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Re: scsh in PLT Scheme?

> * How would I then deal with connecting to RDBMSs? Currently I use
> (Microsoft) ADO (COM) to connect with MS SQL Server. I am assuming that the
> best I could do is some low level connection to Oracle, or perhaps DB2?

What has this to do with POSIX?  ODBC is invariant, for example.

> * How would I integrate with Message Queueing? Currently I use COM and MSMQ

I must admit to not knowing a great deal about this concept.  Looking up
this term in ODP gets me marketing material.  I can't even find a decent
match in VLib.  Is this known by another name?

> * What would I do for a User Interface? Currently I use (in addition to Web
> Browsers to which the answer is easy) Visual Basic forms with lots of OCX
> (COM) user interface widgets (smart grids with built in drop downs,
> toolbars, calendars, ...).

Well, you can use any of many interface toolkits depending on job and
targets, but what has this to do with POSIX?

> * What would I do to program in the Web Server environment? Currently I use
> Active Server Pages. I assume it means using PLT Web Server, or else Apache
> and CGI or mod-xxx?

What has this to do with POSIX?  Personally, I'm amazed that you're still
using ASP.  I assume this means that you don't have separation of concerns?

> * What would I use for email? Currently I use a COM object.

Why not use interfaces to the IETF standards?  Again, little to do with
POSIX, I suspect, although maybe the sendmail system is in there.

> * What would I use for XSLT? (XML seems well covered in Scheme!). Currently
> I use MS XML COM.

What has this to do with POSIX?  (You might like to look at using other
transformation forms than XSLT anyway.)

> * Would Scheme integrate with all of this in a consistent way (as COM does
> now and soon .NET will)?

As far as I can tell, PLT Scheme is already integrated with all of the ones
I understand.  Credit is due.

I think part of your problem is that you are misunderstanding what POSIX is. 
No-one is saying that it is a replacement for .net, or probably even for COM
on the MS platform and ORBs on Unix.  What it is is a very useful set of
basic services built on a mature standard that is an obvious area to
strengthen PLT Scheme with real immediate benefits.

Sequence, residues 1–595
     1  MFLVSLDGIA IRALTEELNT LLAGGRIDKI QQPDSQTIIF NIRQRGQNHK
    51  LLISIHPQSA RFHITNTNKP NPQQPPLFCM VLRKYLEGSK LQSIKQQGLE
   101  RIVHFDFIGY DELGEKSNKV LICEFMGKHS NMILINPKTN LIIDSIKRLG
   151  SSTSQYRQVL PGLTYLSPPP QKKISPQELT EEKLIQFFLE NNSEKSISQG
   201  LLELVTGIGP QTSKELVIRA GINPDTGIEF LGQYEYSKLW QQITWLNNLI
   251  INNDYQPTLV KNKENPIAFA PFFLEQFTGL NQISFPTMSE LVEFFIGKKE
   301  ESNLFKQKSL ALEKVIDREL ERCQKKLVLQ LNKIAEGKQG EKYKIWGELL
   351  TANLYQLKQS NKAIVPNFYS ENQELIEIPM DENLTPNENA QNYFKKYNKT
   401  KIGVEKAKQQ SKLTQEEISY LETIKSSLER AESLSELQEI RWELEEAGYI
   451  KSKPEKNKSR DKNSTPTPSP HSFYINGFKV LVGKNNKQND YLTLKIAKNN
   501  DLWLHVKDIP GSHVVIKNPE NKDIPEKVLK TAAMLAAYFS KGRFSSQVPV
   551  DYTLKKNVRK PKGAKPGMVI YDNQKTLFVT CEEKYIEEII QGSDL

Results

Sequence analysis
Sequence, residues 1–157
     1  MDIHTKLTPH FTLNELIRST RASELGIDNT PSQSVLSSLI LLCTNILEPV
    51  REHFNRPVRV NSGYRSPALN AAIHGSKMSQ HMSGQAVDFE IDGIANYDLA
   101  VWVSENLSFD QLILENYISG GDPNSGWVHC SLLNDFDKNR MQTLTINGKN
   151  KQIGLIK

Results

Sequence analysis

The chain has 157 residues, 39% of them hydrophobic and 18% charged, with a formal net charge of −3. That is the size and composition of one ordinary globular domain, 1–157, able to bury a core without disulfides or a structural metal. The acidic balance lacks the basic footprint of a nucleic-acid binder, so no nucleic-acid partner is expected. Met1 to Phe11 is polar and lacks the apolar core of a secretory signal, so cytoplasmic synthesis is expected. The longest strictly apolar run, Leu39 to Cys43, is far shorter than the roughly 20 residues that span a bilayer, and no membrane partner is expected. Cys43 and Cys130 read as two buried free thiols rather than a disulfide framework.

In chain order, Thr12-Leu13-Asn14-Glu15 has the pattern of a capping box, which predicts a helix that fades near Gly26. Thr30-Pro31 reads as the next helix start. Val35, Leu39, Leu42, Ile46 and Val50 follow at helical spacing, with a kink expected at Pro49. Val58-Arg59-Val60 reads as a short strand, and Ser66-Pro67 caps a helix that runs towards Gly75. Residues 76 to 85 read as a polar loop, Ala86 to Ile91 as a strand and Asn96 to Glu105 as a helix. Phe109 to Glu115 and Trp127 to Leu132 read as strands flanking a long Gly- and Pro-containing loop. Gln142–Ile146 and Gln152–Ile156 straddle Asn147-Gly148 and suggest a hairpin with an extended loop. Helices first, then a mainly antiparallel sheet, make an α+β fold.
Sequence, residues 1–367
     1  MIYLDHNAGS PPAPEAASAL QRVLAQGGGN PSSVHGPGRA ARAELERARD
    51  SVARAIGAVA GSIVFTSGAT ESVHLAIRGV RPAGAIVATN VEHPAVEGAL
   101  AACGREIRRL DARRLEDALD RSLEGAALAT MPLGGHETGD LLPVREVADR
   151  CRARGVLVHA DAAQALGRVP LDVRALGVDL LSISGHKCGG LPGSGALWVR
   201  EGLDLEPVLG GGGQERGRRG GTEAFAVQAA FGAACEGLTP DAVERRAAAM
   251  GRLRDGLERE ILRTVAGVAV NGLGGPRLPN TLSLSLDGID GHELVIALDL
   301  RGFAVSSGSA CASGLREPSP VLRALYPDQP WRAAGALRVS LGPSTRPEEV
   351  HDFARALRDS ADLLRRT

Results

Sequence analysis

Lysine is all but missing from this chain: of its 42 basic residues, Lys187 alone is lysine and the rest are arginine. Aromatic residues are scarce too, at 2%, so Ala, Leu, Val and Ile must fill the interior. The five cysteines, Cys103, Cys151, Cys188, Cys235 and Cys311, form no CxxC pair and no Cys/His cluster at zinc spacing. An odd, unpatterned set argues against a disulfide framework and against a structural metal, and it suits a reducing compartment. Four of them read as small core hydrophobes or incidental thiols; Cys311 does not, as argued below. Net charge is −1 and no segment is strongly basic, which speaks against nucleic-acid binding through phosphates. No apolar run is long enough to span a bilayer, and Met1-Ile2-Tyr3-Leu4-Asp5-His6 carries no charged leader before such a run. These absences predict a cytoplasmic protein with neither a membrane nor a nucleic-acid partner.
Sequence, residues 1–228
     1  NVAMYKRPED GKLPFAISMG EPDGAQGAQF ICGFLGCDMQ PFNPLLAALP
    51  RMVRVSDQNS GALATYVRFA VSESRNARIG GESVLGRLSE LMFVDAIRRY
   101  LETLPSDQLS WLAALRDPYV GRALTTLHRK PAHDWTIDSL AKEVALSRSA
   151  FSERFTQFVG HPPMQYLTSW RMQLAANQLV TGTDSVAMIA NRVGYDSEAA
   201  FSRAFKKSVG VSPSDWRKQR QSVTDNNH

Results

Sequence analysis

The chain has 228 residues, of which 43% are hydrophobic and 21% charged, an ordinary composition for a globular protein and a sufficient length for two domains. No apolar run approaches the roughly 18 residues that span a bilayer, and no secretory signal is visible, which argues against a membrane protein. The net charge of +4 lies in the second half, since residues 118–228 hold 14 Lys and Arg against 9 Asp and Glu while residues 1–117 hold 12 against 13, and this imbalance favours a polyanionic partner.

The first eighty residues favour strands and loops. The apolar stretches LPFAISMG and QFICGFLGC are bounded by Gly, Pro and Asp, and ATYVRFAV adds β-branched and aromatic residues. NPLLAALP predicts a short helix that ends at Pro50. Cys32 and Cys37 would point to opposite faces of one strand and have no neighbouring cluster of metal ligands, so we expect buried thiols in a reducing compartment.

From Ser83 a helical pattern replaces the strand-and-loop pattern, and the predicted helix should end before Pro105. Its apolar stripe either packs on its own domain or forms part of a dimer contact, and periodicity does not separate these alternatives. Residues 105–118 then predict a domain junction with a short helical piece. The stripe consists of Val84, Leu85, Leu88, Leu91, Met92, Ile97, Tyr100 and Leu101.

> (COM continues and so is not a lost investment. .NET is interesting because
> it is the future direction, and a useful advancement, from Microsoft.)

COM is useful in some situations, but I think PLT Scheme already has an
interface to that on the MS platform.

.net, on the other hand, is a plan for world domination by Microsoft.  They
control the horizontal and vertical by integrating a large range of useful
technologies which need not necessarily be bound together so tightly but it
suits their purpose.  It's immature and ill-defined as yet, with significant
unanswered questions.  Maybe when it matures it will be useful, but why
waste time on it now when there is so much more to do and it will be less
work later?

> (BTW, Java offers a similar large and consistent set of interoperability.)

Ohhhhhhh, excuse me while I fall about laughing.  It may be large, but it's
not comprehensive and it isn't entirely consistent unless you add
third-party libraries.

> Where I am coming from, is that I have been on an almost two year intensive
> research following the trail of "there has to be a better way". (I develop
> large business applications - Web Commerce, Warehousing and Order
> Processing, ... I am driven to delivering good business solutions cost
> effectively.)

As I said privately: me too.  I appear to have reached different
conclusions, though.

Can you quote normally next time, please? I was jumping around like a bear
who's O/D'd on caffeine while sat on an ants' nest trying to follow the flow
of your message.  I'm still not sure I succeeded.